31 October 2014

Great War Centenary: Ben Langford

Ben Langford was my great-uncle, born on 4 June 1891 in Stretham, Cambs, the youngest of the eight children of Isaac & Emma (nee Quince) and christened on 25 July 1894 at St James’ church in the village.  In 1896 he and two older siblings, Kate & Freeman, went to live with their aunt Rose Ann Vaughan (nee Bigley) in Newnham Road, Ely.  By July 1897 all three were enrolled at the Market Street School and, in the 1891 census, the Vaughan family plus the three Langfords were living in Nutholt Lane, in the house next to the Vicarage.

In 1911, Ben was a 19-year-old bricklayer’s labourer still living with his aunt, and he completed the census form – which at least proves he could read and write, so that education wasn’t wasted!  And then came the Great War…….

Ben was living in Stretham but enlisted in Bedford, joining the 2nd Battalion, Bedfordshire Regiment.  On 4th October 1914 the 2nd Battalion embarked at Southampton, arriving Zeebrugge on the 7th.  After a lot of marching, they arrived at Ypres on 14th October and joined the 21st Infantry Brigade on the front line.  There followed ten days of heavy artillery and the brigade was ordered to “hold on”.

On 26th October the Brigade was relieved and moved back to rest….for one day, after which they moved forward again.  Much more shell fire and the Bedfordshires were ordered to cover the withdrawal of the 20th Brigade from the Ypres salient.  On 31st October there was more heavy shelling and the Bedfordshires withdrew to a new line at dusk.  The fighting was very fierce and there were many casualties, with the Battalion “losing their CO and many officers”.

And 23-year-old Lance Corporal 9921 Ben Langford.  The story is that he was in the trench and lifted his head to get a cigarette out of the breast pocket of his tunic.  He was shot by a sniper.

Ben has no known grave and is commemorated on the Menin Gate in Ypres and the Stretham war memorials.

We will remember them.

26 October 2014

That's entertainment??

Found in the Chelmsford Chronicle, 15 December 1922:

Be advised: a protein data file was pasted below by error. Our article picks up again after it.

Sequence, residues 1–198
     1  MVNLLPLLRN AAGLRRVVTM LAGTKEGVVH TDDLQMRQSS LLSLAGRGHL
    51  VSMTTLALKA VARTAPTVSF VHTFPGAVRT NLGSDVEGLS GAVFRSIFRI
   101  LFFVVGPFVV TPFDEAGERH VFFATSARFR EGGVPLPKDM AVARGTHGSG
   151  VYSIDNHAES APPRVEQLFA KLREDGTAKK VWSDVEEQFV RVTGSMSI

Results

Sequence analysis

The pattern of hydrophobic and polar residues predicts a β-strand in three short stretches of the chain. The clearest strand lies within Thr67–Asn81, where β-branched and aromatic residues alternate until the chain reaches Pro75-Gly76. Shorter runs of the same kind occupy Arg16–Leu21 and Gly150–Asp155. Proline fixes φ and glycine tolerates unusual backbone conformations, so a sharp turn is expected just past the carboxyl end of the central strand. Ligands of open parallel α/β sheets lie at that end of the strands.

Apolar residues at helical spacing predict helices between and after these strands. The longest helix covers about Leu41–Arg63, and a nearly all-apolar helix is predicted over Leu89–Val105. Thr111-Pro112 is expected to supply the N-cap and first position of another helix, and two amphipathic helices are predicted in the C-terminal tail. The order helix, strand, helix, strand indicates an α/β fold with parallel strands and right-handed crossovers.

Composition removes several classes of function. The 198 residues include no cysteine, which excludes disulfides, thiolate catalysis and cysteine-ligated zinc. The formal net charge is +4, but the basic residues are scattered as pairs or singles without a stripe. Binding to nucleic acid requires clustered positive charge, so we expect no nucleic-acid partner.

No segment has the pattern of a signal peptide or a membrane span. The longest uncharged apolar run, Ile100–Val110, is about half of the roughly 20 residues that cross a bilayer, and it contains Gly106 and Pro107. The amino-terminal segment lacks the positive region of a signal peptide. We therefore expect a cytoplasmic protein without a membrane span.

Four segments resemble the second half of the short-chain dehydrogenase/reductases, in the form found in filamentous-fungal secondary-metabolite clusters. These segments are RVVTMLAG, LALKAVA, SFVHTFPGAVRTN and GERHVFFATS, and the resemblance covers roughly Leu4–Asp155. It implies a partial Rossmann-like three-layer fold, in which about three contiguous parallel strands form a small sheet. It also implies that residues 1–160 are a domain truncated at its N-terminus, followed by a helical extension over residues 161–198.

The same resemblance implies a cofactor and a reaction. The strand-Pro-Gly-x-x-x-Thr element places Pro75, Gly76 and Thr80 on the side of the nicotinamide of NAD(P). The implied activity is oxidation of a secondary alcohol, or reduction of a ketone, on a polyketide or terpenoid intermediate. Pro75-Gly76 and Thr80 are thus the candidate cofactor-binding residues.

The Chingford Fire Brigade had just sat down to the annual brigade dinner when the fire alarm sounded. Hurriedly leaving the table, the firemen discovered that the outbreak was at Low Hall Farm, of which the owner was Mr J Soper, one of the guests at the dinner. It was a haystack fire, and the brigade were kept busy until after midnight. Portions of the dinner and liquid refreshments were sent to them at the farm, while their guests, after waiting vainly for the brigade to return, proceeded with the function at the hotel.

Charged with setting fire to a stack, the property of Mr Soper, and doing damage to the extent of 300 pounds, James Webb, of Stewardstone, was committed for trial at the Essex Assize.

I suspect that Mr Soper would've preferred a string quartet as entertainment, but I like the idea of sending some of their dinner to the firemen!

More soon.

19 October 2014

Speechless, for once.....

Last weekend was one of those rare genealogical moments when I was struck dumb by the events unfolding in front of me.

I was idly researching a Culpin branch:  Sarah Jane Culpin married William Thomas Pridmore in Thornhaugh, Northants, in 1877 and they moved to Sheffield.  Over the next twenty years or so they begat eleven children (including nine sons), raising all but one to adulthood.  And then came the Great War.

To sidetrack slightly, when I find sons of military age I first look to the Commonwealth War Graves Commission, but I couldn't be sure what I'd found.  So Ancestry helpfully gave me De Ruvigny's Roll of Honour of the Great War and I found a young Pridmore in there......

Topped and tailed in the index by three of his brothers.  And, as if it could get any worse, two of them died within four days of each other.  Speechless is one of the words you could have used to describe me.

John Thomas Pridmore, third son, was born in 1881 and enlisted in the King's Own Yorkshire Light Infantry (KOYLI) in 1899, serving in the Boer War and then with the Expeditionary Force in France in 1914.  Married to Harriet, with whom he had two children, he died on 14 October 1914.

Arthur Edward Pridmore, fourth son, was born in 1883 and followed his brother into the KOYLI, also serving in South Africa and France. He died on 18 October 1914.    Neither brother has a grave, but both are commemorated on the Le Touret Memorial.

Albert Pridmore, second son, was born in 1879.  He was married to Margaret and they had four children.  He enlisted in the Yorks & Lancs  Regiment in 1915 and died in Bradford hospital on 22 June1917 from wounds received in May that year.

George Harry Pridmore, presumably named after his brother George who died in infancy, was the eighth son. Born in 1896 he too joined the KOYLI before the war, enlisting in January 1914.  He served in France in 1916 and then returned to Blighty to train as an officer.  Gazetted as a 2nd Lieutenant in the West Yorks Regt, and by now married to May (nee Foster), he was sent back to France in January 1918.    He died on 31 August 1918.

No more words....

16 October 2014

Tower of London

Having been alerted to the fact that the installation starts to be dismantled soon after Armistice Day I thought I'd better get a move on if I wanted to see the poppies at the Tower of London.  So I went on Monday, despite the pouring rain (I always think of what the soldiers had to endure in the Great War, and mentally declare myself a wuss on these occasions).

It was a moving and magnificent sight, made all the more so because of the sheer number of people looking.....

More soon.